In the case of the Brewery, I simply called Brewer’s Alley and asked to speak to a manager. I explained that clients of mine often visited their brewery for dates and would love to have a few engagement pictures take there, and I asked if that would that be ok with them. I also am sure to always be incredibly respectful and aware of their other patrons, go at a time where the restaurant is the least busy, and make sure that they are inconvenienced as little as possible. In restaurant environments you want to do your best not to disturb anyone else’s meal, or to photograph the other customers in your image unless you have their permission.
After the photo session I’m sure to thank and tag the restaurant (or other business) in social media, and be sure to mention them if I blog the session. Generosity, kindness, and respect go a long way, and always make those things are the priority over “getting that perfect shot”. Your reputation will thank you later, and you will most likely get the best images in the long term because those places will WANT to work with you!
6. You hold DSLR workshops in your hometown, what do these look like and what do you teach?
I was so blessed to learn Ansel Adams’ Zone System while I was at RMSP from my teacher Neil Chaput, who learned the Zone System from Ansel Adams himself. While I do not pretend to be the amazing teacher that Neil is, I do believe that the principles and technical skills I have learned (both through my own school experience as well as working professionally for the past 5 years) can greatly help the photography community around me. So in the dSLR workshops that I host, I teach manual exposure and how to use the Zone System to find the perfect exposure consistently, using only your camera meter.
7. What is an image you are really proud of and why?
I’m really proud of the first image I included, the b&w of my niece and nephew being silly sitting next to each other on their living room chair. To me this image represents so much of the direction that I would like my work to continue to go. Photographing the candid moments in life that mean so much. The driving force behind my photography it to let people know that they are valued. To me this image tells that story.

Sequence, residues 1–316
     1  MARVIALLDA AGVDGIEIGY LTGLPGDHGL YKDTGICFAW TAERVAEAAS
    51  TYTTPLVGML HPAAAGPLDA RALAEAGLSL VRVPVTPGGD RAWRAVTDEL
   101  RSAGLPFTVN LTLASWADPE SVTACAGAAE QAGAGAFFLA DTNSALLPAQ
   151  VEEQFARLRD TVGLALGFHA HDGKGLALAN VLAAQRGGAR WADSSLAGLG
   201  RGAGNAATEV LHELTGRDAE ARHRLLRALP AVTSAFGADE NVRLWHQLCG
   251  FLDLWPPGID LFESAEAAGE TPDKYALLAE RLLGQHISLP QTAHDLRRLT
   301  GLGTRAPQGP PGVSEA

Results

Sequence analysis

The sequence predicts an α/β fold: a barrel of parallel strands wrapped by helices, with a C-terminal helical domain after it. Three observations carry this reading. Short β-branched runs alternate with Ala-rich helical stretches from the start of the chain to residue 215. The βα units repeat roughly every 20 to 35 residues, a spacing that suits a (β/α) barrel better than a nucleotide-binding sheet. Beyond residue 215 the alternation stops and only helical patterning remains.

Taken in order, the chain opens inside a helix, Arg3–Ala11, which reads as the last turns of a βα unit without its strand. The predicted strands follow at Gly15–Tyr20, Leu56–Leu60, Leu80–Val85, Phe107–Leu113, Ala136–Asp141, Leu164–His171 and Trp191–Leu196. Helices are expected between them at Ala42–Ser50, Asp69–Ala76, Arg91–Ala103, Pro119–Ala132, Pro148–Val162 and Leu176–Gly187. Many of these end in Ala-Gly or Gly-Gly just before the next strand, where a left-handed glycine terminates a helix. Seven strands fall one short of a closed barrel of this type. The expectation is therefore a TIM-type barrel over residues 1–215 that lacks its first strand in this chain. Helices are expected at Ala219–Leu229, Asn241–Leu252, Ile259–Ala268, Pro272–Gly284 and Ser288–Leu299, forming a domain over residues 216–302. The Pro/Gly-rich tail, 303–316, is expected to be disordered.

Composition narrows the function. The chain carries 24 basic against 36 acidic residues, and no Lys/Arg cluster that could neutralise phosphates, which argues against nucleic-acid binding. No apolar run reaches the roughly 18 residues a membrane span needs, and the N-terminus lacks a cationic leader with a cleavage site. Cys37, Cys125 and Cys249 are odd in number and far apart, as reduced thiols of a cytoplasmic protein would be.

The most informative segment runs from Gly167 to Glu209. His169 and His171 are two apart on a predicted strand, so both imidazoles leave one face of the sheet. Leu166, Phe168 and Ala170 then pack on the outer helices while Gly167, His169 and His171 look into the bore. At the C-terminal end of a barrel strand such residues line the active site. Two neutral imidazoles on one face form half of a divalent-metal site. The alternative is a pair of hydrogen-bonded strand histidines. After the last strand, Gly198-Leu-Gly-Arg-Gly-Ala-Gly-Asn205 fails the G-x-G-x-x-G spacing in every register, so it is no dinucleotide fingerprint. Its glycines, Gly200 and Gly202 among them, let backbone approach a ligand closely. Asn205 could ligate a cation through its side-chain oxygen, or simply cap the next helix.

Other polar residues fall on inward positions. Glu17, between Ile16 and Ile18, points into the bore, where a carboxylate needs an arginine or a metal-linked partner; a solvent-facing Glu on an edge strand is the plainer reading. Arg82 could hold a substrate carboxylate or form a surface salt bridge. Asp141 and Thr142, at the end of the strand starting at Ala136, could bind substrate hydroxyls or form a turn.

8. How would you encourage a photographer who is struggling with knowing whether their photos are good enough? As a new photographer, how does one know if they are ready to go into business or if they should continue growing their skill a little more first?
I always think of the quote by Ira Glass –
“Nobody tells this to people who are beginners, I wish someone told me. All of us who do creative work, we get into it because we have good taste. But there is this gap. For the first couple years you make stuff, it’s just not that good. It’s trying to be good, it has potential, but it’s not. But your taste, the thing that got you into the game, is still killer. And your taste is why your work disappoints you. A lot of people never get past this phase, they quit. Most people I know who do interesting, creative work went through years of this. We know our work doesn’t have this special thing that we want it to have. We all go through this. And if you are just starting out or you are still in this phase, you gotta know its normal and the most important thing you can do is do a lot of work. Put yourself on a deadline so that every week you will finish one story. It is only by going through a volume of work that you will close that gap, and your work will be as good as your ambitions. And I took longer to figure out how to do this than anyone I’ve ever met. It’s gonna take awhile. It’s normal to take awhile. You’ve just gotta fight your way through.”
I believe you should always feel some tension between where you are and where you want to be. To have the desire to keep growing and improving. Give yourself grace, enjoy the journey, and work hard. Everyone has to start somewhere, don’t wait until you feel like you’re “good enough”. Start your business when you know you can produce what the client is hiring you for…. on their standards, not yours, because you are always your worst critic. Don’t be afraid to accept a job because you don’t have everything figured out, you can figure some of it out on the way. I’m not saying don’t be prepared, but don’t be afraid to be out of your comfort zone either. Be brave, and again… give yourself grace, enjoy the journey, and work hard.
9. What is the best photography advice you’ve ever been given and/or what is advice you would give to a new photographer?
Keep photographing. Like anything you do, the more you practice the better you become! To borrow a quote from Chick-fil-A founder Truett Cathy – “If we get better our customers will demand we get bigger!”, so don’t worry so much about how many Instagram followers you have, or Facebook followers that you have. Focus solely on your goals, on getting better, and your audience will grow naturally.